The travel assembly 3 consists of the carriage motor 16 mounted at the rear of the travel assembly 3 which powers the electric screw 28 located within the travel bar 29. At the front of the travel bar 29 is located the front limit switch 13. At the rear of the assembly affixed to the frame is a rear limit switch 14 which halts the rearward travel of the carriage. The travel bar 29 has an open interior and a bottom side that has two parallel travel bar v-rails 44.

The carriage 4 is a metallic frame structure open at its top and containing v-rails 32 upon which rest the two opposing trimmer head assemblies 7. The carriage 4 is affixed at its bottom on each side to two linear bearings 30 which ride upon corresponding parallel guide bars 2. Each guide bar 2 at its front end has a shaft stop 12 and is firmly mounted at its rear to the frame tower 11. The upper portion of the carriage 4 is affixed to the carriage mount 15 which at its top envelopes the electric screw 28 contained within the travel bar 29. For parts that are linear, a rigid carriage mount 15 is utilized in conjunction with straight guide bars 2. For parts that are curved, a pivotal carriage mount 42 is utilized with profiled guide bars 43.

Each trimmer head assembly 7 consists of a motor block 31 to which are affixed v-groove wheels 33 that ride upon the corresponding v-rails 32 located within the carriage 4. Threadably retained within the outside edge of each motor block 31 are two exterior studs 34 and one center stud 35. Each exterior stud 34 protrudes from the motor block 31 a short distance and functions as a stabilizer for an inbound tensioning spring 36 which extends from the outside edge of the motor block to the interior of the side wall of the carriage 4. The center stud 35 extends through a hole bored in the side wall of the carriage 4. An outboard tensioning spring 37 is slideably placed over the portion of the center stud 35 which protrudes from the side wall of the carriage 4 and is retained in place by an outboard tensioning nut assembly 38.

A center bore hole is located within each motor block 31 into which the top portion of the trim motor 5 is inserted. In its preferred embodiment, the trim motor is operated pneumatically which affords the use of a smaller sized motor which more quickly reaches the desired rpm level when actuated. The trim motor 5 is retained in place by operation of a set screw. A collet is located at the bottom of each trim motor 5 into which is inserted the top end of the arbor 8. The bottom end of the arbor 8 retains the trimming wheel 6 which is comprised of an interior metallic wheel 39, an interior tire tube 40, and an exterior trim tread band 41. In its preferred embodiment the arbor 8 is a quick attach arbor which allows for easy and efficient replacement of the trimming wheel 6.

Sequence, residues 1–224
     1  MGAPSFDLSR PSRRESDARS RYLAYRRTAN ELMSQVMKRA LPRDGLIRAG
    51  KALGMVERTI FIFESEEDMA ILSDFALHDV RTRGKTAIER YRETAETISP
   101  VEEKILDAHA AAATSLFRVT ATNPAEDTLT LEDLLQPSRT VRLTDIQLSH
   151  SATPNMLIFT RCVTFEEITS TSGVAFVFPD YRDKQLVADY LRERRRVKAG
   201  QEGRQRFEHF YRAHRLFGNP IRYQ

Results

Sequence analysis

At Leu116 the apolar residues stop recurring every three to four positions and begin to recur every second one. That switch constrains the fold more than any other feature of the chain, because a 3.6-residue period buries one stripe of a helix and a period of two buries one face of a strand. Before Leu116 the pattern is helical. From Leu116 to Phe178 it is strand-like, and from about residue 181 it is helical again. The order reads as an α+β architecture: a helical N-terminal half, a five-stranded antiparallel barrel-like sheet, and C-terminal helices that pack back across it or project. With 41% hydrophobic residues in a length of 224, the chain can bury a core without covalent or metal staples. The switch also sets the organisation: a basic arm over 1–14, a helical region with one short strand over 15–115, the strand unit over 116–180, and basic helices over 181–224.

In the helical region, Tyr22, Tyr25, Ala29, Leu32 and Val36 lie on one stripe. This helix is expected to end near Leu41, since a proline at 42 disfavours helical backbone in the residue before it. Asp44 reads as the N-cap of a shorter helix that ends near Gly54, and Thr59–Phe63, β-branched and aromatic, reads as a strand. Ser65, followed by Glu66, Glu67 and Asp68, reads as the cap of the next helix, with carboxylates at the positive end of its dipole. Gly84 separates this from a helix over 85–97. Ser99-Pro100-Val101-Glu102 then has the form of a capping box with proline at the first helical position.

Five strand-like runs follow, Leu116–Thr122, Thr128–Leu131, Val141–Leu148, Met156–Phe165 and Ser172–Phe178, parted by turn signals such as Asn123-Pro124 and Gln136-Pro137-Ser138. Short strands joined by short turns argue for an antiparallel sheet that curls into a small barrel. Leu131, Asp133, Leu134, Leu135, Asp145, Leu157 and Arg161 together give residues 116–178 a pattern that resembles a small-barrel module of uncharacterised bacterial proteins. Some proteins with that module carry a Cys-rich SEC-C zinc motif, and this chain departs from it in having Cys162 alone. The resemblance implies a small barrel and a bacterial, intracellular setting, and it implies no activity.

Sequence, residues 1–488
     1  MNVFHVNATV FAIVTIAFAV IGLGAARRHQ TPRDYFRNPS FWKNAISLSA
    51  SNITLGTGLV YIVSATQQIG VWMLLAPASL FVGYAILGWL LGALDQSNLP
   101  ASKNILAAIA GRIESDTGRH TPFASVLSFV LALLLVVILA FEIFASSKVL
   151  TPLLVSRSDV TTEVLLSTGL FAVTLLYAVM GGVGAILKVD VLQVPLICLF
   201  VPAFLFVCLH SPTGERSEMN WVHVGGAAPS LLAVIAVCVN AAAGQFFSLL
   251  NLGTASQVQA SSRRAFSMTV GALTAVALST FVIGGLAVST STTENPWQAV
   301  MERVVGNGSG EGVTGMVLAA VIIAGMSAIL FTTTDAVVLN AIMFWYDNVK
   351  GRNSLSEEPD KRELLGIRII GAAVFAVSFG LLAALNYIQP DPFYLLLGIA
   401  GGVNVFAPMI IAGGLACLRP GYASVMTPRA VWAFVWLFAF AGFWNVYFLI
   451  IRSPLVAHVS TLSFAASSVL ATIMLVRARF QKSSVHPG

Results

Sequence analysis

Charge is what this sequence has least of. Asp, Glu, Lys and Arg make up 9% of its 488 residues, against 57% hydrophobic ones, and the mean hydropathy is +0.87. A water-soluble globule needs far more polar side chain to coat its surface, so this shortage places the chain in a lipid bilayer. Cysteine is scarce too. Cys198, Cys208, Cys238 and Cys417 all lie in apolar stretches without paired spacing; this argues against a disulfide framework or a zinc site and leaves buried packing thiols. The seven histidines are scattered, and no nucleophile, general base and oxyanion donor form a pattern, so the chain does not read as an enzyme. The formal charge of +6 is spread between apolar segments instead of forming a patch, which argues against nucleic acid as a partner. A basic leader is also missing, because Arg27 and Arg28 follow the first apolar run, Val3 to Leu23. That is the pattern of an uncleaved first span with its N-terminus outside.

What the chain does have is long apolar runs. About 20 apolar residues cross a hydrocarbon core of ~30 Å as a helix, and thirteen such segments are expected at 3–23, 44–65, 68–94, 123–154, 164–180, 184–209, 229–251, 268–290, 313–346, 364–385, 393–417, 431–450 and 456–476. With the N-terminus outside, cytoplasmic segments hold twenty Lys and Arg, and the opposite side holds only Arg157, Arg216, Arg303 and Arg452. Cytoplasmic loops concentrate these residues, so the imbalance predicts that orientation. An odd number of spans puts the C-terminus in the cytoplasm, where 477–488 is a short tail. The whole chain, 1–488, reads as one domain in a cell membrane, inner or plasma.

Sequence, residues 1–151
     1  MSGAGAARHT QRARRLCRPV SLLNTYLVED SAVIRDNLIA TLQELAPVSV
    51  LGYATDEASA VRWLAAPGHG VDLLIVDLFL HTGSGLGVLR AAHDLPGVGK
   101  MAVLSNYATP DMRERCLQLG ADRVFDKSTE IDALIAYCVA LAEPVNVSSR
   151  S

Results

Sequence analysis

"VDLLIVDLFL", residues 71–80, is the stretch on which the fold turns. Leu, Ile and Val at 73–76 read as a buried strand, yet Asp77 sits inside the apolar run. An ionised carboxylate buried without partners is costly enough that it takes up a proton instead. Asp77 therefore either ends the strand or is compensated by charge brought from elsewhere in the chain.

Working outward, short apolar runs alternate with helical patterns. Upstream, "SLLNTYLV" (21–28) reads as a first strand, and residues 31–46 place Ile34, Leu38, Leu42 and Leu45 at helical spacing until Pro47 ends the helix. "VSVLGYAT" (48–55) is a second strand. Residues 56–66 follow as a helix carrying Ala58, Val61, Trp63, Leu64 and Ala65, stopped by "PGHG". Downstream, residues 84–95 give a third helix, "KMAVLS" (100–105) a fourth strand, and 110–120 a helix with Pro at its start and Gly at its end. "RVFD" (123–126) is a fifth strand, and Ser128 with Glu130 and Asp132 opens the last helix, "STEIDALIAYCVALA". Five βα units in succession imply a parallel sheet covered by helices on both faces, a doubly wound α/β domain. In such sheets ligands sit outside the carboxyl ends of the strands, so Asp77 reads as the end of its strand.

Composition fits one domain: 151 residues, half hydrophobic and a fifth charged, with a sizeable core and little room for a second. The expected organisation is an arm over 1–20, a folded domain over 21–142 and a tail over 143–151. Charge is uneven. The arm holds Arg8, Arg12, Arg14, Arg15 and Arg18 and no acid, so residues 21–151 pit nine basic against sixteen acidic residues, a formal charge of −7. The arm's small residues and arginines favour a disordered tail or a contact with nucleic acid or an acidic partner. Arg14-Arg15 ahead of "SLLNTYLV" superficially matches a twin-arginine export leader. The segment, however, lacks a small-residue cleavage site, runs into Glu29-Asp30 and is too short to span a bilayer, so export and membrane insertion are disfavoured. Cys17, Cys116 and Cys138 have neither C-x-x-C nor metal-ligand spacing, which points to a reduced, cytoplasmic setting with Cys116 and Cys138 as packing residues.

The operation of the invention in its preferred embodiment is described as follows. With the part mounted and secured in place on the part fixturing assembly 1, the revolving trimming wheels 6 are actuated in a counter-rotating action turning against the direction of travel of the carriage. The trimming wheels are oriented at an angle of 60°±5° for parts with a predominately straight surface undergoing the trimming operation, but are oriented at an angle of 90°±5° for parts with significantly curved surface undergoing the trimming operation.

The preferred operation further utilizes the directional pattern of the tread on the exterior trim tread band 41 which has been determined to abrasively remove unwanted flash on the first pass of the trimming wheels 6 over the part. The optimal tread pattern has been determined to consist of an intermittent chevron pattern, FIG. 8. On the first pass over the part, the interior v of the chevrons is rotated into the part against the direction of travel of the trimming wheels. On the return pass of the trimming wheels over the part, the trimming wheels continue to counter-rotate in the same direction which on the return pass is with the direction of travel of the carriage 4. This operates to reduce the frictional effect on the return pass thereby buffing the surface of the part to a finished state.

Operation of the trim motors 5 at 3200 RPM has been found in most instances to provide optimal results, but a range of 2700 RPMs to 3200 RPMs has been used to achieve optimal results dependent upon the nature of the part being worked upon and the wear on the exterior trim tread bands 41.

The carriage motor 16 precisely controls the travel of the carriage, thus precisely controlling the travel of the trimming wheels 6 across the part undergoing the trimming operation. This is accomplished by rotation of the electric screw 28 around which is positioned the carriage mount 15. Best results have been shown by regulating the travel of the carriage at the rate of 200 mm per second, +200/-50 mm per second dependent upon the nature of the part being trimmed. Use of an electric motor for the carriage motor 16 has produced the preferred results. A hydraulic motor may also be utilized as the carriage motor 16.

To ensure that the part undergoing flash removal is adequately processed, but not damaged by the operation, the force applied by the trimming wheels to the part as they pass over it is regulated by the opposing spring tensioning force created by the inbound tensioning springs 36 and the outboard tensioning springs 37. In the resting position, the outboard tensioning springs 37 are retained in a compressive mode by the opposing action of the inbound tensioning springs 36. As a part contacts the trimming wheels to begin the trimming process, the wheels separate around the part which separation is aided by the operation of the outboard tensioning spring 37 which counteracts the inward forces applied by the operation of the inbound tensioning springs 36. This is accomplished by the outboard tensioning springs pushing outwardly upon the outboard tensioning nut assembly 38 which applies an outward pulling force to the motor blocks. The effect of this outward force is to dampen the countervailing force which operates to push the trimming wheels against the surface of the part undergoing the trimming operation.